We were just announced that @LoujainHathloul has a trial tomorrow,” her sister, Lina al-Hathloul, tweeted Tuesday.

The conservative Gulf kingdom insists that Hathloul and the others are detained over national security concerns. Saudi Minister of State for Foreign Affairs Adel Jubeir told CNN last week that Hathloul’s fate “was up to the courts.” 

The idea that she and her friends were detained because they advocated women’s driving is preposterous,” said Jubeir. 

Hathloul’s court date was scheduled for March but was postponed indefinitely amid what Saudi officials said were coronavirus concerns. On Oct. 26, she began a hunger strike to protest her treatment in prison and lack of regular contact with her parents. 

Amnesty International urged Riyadh to allow diplomats and journalists to attend the trial. The rights group also called for Hathloul to be given access to her parents, and to a lawyer so she can prepare an adequate defense. 

In light of the women rights activists reporting having been tortured or otherwise ill-treated in detention, we also have concerns about the admissibility of any ‘evidence’ that might be submitted in court tomorrow,” Lynn Maalouf, Amnesty’s deputy Middle East and North Africa director, said in a statement. 

The only just outcome for this trial would be the immediate and unconditional release of Loujain al-Hathloul,” Maalouf said.  

On Tuesday, a group of 29 organizations issued a letter to the president of Saudi Arabia’s Human Rights Commission, Awwad Al-Awwad, expressing their concern over the “continued arbitrary detention of women’s rights defenders.” 

Hathloul’s expected court appearance comes days after Saudi Arabia wrapped up its hosting duties for this year’s Group of 20 summit, of which women’s empowerment was a theme. Ahead of the virtual gathering, a coalition of human rights organizations sought to draw attention to what they say is an increase in repression under Crown Prince Mohammed bin Salman. 

https://www.al-monitor.com/pulse/originals/2020/11/loujain-al-hathloul-saudi-arabia-trial-jailed-women-activist.html

In reprisal for talking to diplomats Egypt arrests human rights defender Mohamed Basheern

November 18, 2020

On 16 November 2020, Amnesty International denounces the arbitrary arrest of Mohamed Basheer, the Administrative Manager at the Egyptian Initiative for Personal Rights (EIPR), over bogus charges.

By arresting Mohamed Basheer, a member of staff at one of Egypt’s most prominent independent human rights organizations, the Egyptian authorities have yet again shown their intolerance of any scrutiny of their abysmal human rights record, sending a chilling message to the embattled human rights community in Egypt that they remain at risk.” said Philip Luther, Amnesty International’s Middle East and North Africa Research and Advocacy Director.

Amnesty International strongly condemns Basheer’s arrest and detention and believes he is being targeted solely for his organization’s legitimate human rights work, including for meeting with Western diplomats. Members of the international community, and especially the states whose representatives were part of that visit, must now show that they won’t accept this reprisal and urge the Egyptian authorities to immediately and unconditionally release Basheer, drop all charges against him, and end the persecution of Egyptian civil society and human rights defenders. ”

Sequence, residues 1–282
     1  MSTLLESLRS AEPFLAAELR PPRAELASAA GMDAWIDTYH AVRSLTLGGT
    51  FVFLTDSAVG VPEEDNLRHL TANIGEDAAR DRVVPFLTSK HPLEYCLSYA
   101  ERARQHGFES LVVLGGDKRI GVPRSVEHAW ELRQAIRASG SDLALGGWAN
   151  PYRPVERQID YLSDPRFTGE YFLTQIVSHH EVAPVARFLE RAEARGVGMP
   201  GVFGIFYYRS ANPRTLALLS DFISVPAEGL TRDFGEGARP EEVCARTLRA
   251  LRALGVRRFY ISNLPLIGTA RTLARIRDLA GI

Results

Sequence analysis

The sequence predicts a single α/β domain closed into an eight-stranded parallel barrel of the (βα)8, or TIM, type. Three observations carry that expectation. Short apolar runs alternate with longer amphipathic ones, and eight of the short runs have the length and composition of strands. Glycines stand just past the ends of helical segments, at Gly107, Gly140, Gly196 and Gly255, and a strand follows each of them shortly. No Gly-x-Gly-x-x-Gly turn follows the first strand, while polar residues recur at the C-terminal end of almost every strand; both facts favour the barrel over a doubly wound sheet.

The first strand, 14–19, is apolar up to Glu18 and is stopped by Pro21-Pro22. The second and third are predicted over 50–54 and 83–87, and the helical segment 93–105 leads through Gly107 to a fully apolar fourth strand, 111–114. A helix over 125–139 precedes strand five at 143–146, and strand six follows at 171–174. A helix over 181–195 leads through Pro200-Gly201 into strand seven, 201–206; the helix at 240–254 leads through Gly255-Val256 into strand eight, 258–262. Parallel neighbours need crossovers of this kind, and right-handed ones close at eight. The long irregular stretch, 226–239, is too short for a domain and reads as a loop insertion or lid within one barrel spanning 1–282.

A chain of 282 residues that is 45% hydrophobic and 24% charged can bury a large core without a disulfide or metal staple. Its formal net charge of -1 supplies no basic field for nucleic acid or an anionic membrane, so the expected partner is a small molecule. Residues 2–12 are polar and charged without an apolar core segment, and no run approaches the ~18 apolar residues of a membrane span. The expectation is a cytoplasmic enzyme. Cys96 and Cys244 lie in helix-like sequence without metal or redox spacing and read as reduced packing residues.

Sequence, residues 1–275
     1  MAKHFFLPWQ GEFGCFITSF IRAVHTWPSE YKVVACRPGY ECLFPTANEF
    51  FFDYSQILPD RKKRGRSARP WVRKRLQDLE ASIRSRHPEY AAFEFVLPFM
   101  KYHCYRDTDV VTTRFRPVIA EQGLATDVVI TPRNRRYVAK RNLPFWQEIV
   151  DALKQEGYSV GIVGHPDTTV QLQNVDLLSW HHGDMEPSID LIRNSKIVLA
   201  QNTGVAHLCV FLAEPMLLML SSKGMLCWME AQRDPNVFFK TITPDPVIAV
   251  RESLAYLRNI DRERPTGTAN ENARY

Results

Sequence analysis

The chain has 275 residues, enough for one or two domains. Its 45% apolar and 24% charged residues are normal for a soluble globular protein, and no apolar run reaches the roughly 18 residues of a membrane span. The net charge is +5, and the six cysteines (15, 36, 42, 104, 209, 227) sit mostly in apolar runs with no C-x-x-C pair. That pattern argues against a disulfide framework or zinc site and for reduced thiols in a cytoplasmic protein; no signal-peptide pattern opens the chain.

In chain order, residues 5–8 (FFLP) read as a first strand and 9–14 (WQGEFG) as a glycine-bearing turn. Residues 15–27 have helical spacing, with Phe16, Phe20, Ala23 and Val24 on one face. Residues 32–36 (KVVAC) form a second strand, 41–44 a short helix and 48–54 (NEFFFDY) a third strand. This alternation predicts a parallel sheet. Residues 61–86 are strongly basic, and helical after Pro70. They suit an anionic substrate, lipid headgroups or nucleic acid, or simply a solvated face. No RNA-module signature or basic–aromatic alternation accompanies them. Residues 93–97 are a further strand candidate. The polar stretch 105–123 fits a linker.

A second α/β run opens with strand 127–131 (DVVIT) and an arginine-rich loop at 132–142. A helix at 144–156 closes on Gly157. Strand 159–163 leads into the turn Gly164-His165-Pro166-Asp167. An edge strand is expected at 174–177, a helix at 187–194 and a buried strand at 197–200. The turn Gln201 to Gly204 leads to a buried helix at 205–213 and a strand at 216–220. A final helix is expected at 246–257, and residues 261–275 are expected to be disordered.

EIPR is an independent human rights organization whose work covers a variety of political, civil, economic and social rights in Egypt. According to Gasser Abdel-Razek, the Executive Director of EIPR, plainclothes security forces raided Basheer’s home in the early hours of 15 November. They took him to a National Security Agency building, where they detained him for more than 12 hours and questioned him without a lawyer present about the visit on 3 November by Western ambassadors and diplomats to the EIPR’s office. He was then taken to the Supreme State Security Prosecution (SSSP), where a lawyer who attended his questioning by prosecutors there, said the questions had focused on EIPR’s publications and legal assistance to victims of human rights violations.

Mohamed Basheer was added to Case No. 855/2020 Supreme State Security, which involves investigations over unfounded terrorism-related charges against prominent detained human rights defenders and journalists, including Mahienour el-Masry, Mohamed el-Baqer, Solafa Magdy and Esraa Abdelfattah. Amnesty International has extensively documented how the SSSP use prolonged pre-trial detention over unfounded terrorism related charges to imprison opponents, critics and human rights defenders for months and years without trial. [see also: https://humanrightsdefenders.blog/2020/10/09/un-expresses-deep-concern-over-egypt-using-special-terror-courts-to-silence-human-rights-defenders/]

EIPR researcher Patrick George Zaki remains detained pending investigations by the SSSP over unfounded “terrorism”-related charges since his arrest in February 2020. 

See also: https://www.egyptindependent.com/egypt-rebuffs-frances-concerns-over-arrest-of-egyptian-activist-mohamed-bashir/